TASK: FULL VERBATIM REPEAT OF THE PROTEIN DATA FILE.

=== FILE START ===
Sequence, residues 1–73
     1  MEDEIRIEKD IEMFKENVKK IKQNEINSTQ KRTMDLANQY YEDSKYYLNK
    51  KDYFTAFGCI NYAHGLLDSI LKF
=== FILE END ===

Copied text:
Sequence, residues 1–73
     1  MEDEIRIEKD IEMFKENVKK IKQNEINSTQ KRTMDLANQY YEDSKYYLNK
    51  KDYFTAFGCI NYAHGLLDSI LKF